The allocation towards the schemes dealing with communicable diseases remained unchanged at Rs 2,178 crore. The allocation should have been increased. A National Sample Survey Organization report last year said that communicable diseases (viz., malaria, diarrheal diseases, encephalitis, tuberculosis, etc.) were responsible for more illnesses among Indians than any other ailments. India has the highest burden of tuberculosis (TB). TB kills an estimated 480,000 Indians every year and more than 1,400 every day. India has also more than a million missing cases of TB that are not notified and most remain either undiagnosed or unaccountably and inadequately diagnosed and treated. Therefore, the FM announced in the budget that the TB eradication programme would be expanded. Setting a target of 2025, the FM said in the budget, ‘TB Harega Desh Jeetega’. The Government’s decision to expand the TB eradication programme would mean better cure and higher treatment completion rates and overall better performance status.

The FM announced in the budget that India has a holistic vision for healthcare that translates into wellness of the citizen. Mission Indradhanush would be expanded to cover 12 diseases, including five new vaccines. Considering the changing scenario of dis- ease burden in India from communicable to non-communicable dis- eases (NCDs), the FM announced FIT India movement in her budget to fight against NCDs coming out of lifestyle issues. A much focused safe water availability (Jal Jeevan Mission) and comprehensive sanitation programme (Swachh Bharat Mission) have been launched to support the holistic health vision. The FM proposed Rs 3.60 lakh crore for Jal Jeevan Mission and Rs 12,300 crore for open defecation free (ODF) campaign and in order to sustain the ODF behaviour in 2020-21 budget. These are some wellness measures in the budget.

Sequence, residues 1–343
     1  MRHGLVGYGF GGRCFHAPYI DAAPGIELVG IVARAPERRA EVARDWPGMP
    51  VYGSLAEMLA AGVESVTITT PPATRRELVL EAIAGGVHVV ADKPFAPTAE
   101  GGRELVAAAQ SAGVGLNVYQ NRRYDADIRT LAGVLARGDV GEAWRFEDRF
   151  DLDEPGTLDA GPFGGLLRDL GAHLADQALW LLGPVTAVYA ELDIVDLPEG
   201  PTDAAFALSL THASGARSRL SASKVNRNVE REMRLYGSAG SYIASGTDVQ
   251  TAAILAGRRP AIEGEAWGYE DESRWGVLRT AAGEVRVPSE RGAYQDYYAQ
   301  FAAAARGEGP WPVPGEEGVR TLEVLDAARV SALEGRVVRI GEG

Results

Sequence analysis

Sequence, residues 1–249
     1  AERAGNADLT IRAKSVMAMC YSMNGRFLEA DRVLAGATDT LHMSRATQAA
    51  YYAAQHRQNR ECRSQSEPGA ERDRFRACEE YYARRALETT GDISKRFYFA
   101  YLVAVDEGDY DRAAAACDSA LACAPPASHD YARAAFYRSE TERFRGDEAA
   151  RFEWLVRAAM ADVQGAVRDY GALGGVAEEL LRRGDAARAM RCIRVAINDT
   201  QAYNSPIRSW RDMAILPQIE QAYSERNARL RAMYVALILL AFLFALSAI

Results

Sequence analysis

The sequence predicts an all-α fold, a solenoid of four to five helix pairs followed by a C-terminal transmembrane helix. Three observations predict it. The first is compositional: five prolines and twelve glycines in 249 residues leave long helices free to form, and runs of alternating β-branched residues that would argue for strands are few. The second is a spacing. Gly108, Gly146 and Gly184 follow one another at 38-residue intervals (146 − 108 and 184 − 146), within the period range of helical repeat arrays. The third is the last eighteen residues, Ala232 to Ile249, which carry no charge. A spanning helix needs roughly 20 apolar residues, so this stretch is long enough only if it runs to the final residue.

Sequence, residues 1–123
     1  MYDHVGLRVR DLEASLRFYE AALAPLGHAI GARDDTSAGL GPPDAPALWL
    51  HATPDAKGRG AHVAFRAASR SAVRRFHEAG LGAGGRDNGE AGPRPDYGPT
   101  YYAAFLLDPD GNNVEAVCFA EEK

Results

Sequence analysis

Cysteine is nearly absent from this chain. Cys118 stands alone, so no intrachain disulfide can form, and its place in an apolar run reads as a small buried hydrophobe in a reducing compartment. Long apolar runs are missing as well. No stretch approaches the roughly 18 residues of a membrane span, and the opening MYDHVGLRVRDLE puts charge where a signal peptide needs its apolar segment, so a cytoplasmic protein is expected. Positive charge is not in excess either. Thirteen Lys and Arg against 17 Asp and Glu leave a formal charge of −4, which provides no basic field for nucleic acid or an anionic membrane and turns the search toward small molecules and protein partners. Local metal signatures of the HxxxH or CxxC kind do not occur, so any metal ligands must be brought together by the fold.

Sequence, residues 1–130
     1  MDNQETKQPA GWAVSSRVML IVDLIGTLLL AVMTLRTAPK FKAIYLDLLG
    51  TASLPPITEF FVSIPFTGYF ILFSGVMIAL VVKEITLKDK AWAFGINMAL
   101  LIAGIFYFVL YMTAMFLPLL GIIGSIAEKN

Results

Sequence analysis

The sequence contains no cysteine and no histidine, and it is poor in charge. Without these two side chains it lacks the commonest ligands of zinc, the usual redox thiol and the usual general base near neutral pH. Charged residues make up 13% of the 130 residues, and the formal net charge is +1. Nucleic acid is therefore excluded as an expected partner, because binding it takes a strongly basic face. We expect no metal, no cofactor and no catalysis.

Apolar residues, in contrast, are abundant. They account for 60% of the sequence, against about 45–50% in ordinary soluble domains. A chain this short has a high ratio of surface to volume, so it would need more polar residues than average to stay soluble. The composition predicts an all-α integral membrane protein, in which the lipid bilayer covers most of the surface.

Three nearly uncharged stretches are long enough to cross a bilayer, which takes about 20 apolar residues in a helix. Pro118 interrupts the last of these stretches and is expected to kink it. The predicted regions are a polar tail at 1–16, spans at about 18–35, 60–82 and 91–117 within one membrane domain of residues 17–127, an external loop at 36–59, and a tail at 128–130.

The Ministry of Ayush has been allocated Rs 2122.08 crore for the 2020-21 fiscal. An allocation of Rs 2,100 crore has been made to the Department of Health Research in the budget. It will help in medical and bio-technical researches. Usage of new machines and artificial intelligence in detecting and preventing the diseases, which will arise from medical and bio-technical re- searches, will be a great help for the healthcare practitioners.

In India there is a shortage of qualified medical doctors, both general practitioners and specialists. Therefore, to address the issue, the FM proposed in her budget to attach a medical college to a district hospital in PPP mode, in the first phase, in those aspirational districts where they don’t have empanelled hospitals under the AB-PMJAY. The details of the scheme will be worked out soon by the Government. The move to attach medical colleges to district hospitals in PPP mode will help in addressing the challenges related to availability of healthcare professionals in hospitals, improve access to healthcare and bridge the demand-supply gap. The FM also proposed a special bridge course to be designed to fill up the short- age health professionals. She re- quested the large hospitals to offer DNB/SNB courses to increase specialist doctors.

While India has been plagued by multiple health issues and stressed health infrastructure, the healthcare personnel expected more allocations for the health sector which is not seen in this budget. There is an urgent need to address multiple issues that are plaguing the healthcare system of India. We request the Government to consider increasing public spending on the healthcare system of India.